Liberty is our third orphan since I started the documentation of the Spring Creek Basin herd. My introduction to Twister was when he was already orphaned, possibly during the roundup. Shadow’s dam, Ceal, died sometime over the winter of 2007-08. Liberty is 6 months old, and she’s a tough little thing. I think she’ll be OK.

I walked from them back over to Grey/Traveler’s band.

He is my healing magic.

Cuatro was hanging out, napping on his feet, a short distance from the band. Then he decided to put on a show:

Such a big trot for a little boy!


He must have learned this move from his muley pals. 🙂

He hit the brakes, and Terra came up out of the arroyo. Two Boots never looked up from her grazing. She’s a veteran mama at the ripe young age of 2. Watching Cuatro, it suddenly became apparent to me that his sire has to be Twister; he looks just like him.

Grey and Houdini

Terra and Cuatro

Iya (April 27, 2008) and Terra (May 1, 2009); La Sal Mountains in the background. They were born the same color; look how dark Iya is now!

Fuzzy, furry silver boy!

Thus emotionally armed, I went back to find Duke.

He looks all right … but he is thinner than when he had Raven and Corona – and, briefly, Kootenai.

He’s still limping, but he’s completely mobile, and he’s putting weight on his injured leg (right hind). See all that sky behind him? This is Spring Creek Basin’s version of “top of the world.” The difference between here and the Pryors is that here, if you step off that edge … well, let’s just say it really is an edge, and I really would recommend NOT stepping off!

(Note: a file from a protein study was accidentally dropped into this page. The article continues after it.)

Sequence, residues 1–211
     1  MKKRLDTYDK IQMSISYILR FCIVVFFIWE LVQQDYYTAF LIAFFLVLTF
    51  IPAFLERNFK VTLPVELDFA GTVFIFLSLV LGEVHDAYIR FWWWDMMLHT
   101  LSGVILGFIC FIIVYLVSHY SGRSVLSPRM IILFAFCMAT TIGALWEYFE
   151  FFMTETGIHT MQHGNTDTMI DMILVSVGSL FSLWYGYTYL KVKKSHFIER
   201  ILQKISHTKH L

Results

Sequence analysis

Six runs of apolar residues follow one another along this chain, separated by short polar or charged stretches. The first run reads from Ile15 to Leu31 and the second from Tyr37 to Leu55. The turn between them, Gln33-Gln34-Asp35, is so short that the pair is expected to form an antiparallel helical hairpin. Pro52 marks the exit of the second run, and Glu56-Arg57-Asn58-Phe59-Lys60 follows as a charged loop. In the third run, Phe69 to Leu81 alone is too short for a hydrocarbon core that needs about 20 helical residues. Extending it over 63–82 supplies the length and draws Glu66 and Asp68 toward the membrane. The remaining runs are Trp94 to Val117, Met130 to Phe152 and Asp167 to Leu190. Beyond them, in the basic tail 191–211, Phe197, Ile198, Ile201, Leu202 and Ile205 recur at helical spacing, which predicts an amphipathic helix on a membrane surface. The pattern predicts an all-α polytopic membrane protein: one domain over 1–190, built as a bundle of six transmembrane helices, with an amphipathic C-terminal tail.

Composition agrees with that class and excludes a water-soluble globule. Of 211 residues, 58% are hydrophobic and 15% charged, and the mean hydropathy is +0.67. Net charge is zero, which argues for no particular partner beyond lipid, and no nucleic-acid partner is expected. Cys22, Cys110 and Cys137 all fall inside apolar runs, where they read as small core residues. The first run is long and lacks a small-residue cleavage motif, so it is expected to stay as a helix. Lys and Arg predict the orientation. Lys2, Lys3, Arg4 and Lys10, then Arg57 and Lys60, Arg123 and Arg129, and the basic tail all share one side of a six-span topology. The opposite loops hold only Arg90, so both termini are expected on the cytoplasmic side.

Love his handsome face.

He’s a crazy horse to be walking up and down mountains (to and from water) on his healing leg, but he’s a tough boy!

Love, always. 🙂

Thankful days don’t wait for calendar dates. No matter what’s going on, I – and you, I bet – have things in your life for which to be thankful anyway. I think the ponies don’t know how much they give of themselves to all of us who admire them so; it’s the least we can do to ensure their continued protection – any way we can.

RIP, Molly

27 11 2009

One of the first pictures I took of Molly – that’s Kreacher in the background – and still one of my favorites of her.

It’s an assumption … but it’s based on this:

Liberty is with Bounce’s family now …

Molly was a wise old girl who lived her considerable long life in Spring Creek Basin. She was rounded up in 2007 but had the fortune of being released back to the wild. She was aged by the contractor then at “older than 20,” and although the contractor wasn’t terribly accurate with his aging skills, I’d believe it of her.

She didn’t have much use for humans – for good reason, I’d say – but she was a kind and gentle mother, and she gave her last foal, Liberty, an excellent chance of survival.

Rest peacefully, Molly-girl, in your heaven.

Pryor Mountain – Part 3 (Updated)

26 11 2009

I apologize in advance for the backwards-first nature of this particular post, but for goodness sake, my visit was two months ago! So I’m trying to get the rest of the photos from that day (Sept. 26, after the adoption) posted … but the order is going to be a little funky (time, time … give me more time …).